Scottish National Dictionary (1700–)
EILD, Eeld, n., adj.1, v. Also ild; †yeeld (Abd. 1768 A. Ross Helenore 7); eel. Now mainly poet. [i:ld]
1. Age in general, a period of life.
Sc. 1737 Ramsay Proverbs (1776) 75:
We may ken your eild by the runkles of your horn. Abd. after 1768 A. Ross Fortunate Shepherd (S.T.S.) ll. 195–196:
He's set to go about with the young squire, That by a year or twa had shorter eeld. Edb. 1773 R. Fergusson Poems (1925) 34:
Here is the true an' faithfu' list O' Noblemen and Horses; Their eild, their weight, their height, their grist, That rin for Plates or Purses. Ayr. 1823 Galt Entail lxx.:
A handsome, manly youth for his inches and his eild.
Phr.: to be ae eild wi', — eels wi', to be the same age (as) (Mry.1 1925).
Sc. 1859 C. S. Graham Mystifications 71:
I am just ae eild wi' the auld King George III, and I daur say I am as happy as he is.
2. Old age (Ags. 1949, ild). Also fig. = old persons, old folk; rarely in pl.
Sc. 1721 J. Kelly Proverbs 95:
Eild and Poortha is a sore Burthen on one Back. Edb. 1773 R. Fergusson Poems (1925) 40:
Wi' eild our idle fancies a' return, And dim our dolefu' days wi' bairnly fear. Ayr. 1786 Burns To J. Smith xiii.:
For, ance that five an' forty's speel'd, See, crazy, weary, joyless Eild, Wi' wrinkl'd face. Ayr. 1812 A. Thom Amusements 43:
Wedded eilds, to rest inclin'd. Rxb. 1821 A. Scott Poems 17:
Now legs and feet, benumb'd wi' eild, Could scarce step owre a strae. Sc. 1929 P. Macgillivray in Scots Mag. (Dec.) 197:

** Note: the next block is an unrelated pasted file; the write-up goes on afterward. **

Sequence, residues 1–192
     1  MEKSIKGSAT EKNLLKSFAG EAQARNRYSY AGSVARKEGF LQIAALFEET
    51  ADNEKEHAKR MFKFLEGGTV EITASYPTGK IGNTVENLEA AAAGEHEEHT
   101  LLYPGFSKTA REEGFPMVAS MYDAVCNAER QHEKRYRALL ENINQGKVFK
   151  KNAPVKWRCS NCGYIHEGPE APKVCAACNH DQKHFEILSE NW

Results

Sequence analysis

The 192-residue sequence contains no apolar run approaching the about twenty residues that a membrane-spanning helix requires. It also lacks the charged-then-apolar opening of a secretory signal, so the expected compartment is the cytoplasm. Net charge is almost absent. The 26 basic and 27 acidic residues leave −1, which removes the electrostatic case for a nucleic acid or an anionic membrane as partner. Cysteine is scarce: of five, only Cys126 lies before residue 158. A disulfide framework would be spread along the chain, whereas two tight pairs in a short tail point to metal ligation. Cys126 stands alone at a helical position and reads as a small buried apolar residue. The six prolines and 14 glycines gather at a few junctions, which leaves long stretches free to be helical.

Decrepit eild; folk in their prime; And bairnies sair dismayed. Abd. 1936 Abd. Univ. Review (March) 132:
For crabbit eild'll grip ye yet.
3. Antiquity, long ago (Ags. 1949).
Dmf. 1899 W. Bennet Echoes 71:
Hersel' the bards o' Eild could name, Wise, gude and clever.
II. adj. Old, aged. Rare.
Lnk. 1923 G. Rae 'Mang Lowland Hills 41:
I grup ye, hairp, wi' runkled hauns sae eild, An', till I dee, My sang shall be o' Scotland.
III. v. To grow old; used principally as ppl.adj. eildit, aged.
Per. 1816 J. Duff Poems 55:
Prints o' different kinds an' patterns, Fit for maids or eildit matrons. Abd. 1900 C. Murray Hamewith 27:
I fear whiles He's forgotten on his eildit gard'ner here. Sc. 1932 Scots Mag. (Jan.) 292:
For I'm gey an' eildit.
You may wish to vary the format shown below depending on the citation style used.
"Eild n., adj.1, v.". Dictionary of the Scots Language. 2004. Scottish Language Dictionaries Ltd. Accessed 20 Feb 2019 <http://www.dsl.ac.uk/entry/snd/eild_n_adj1_v>
Try an Advanced Search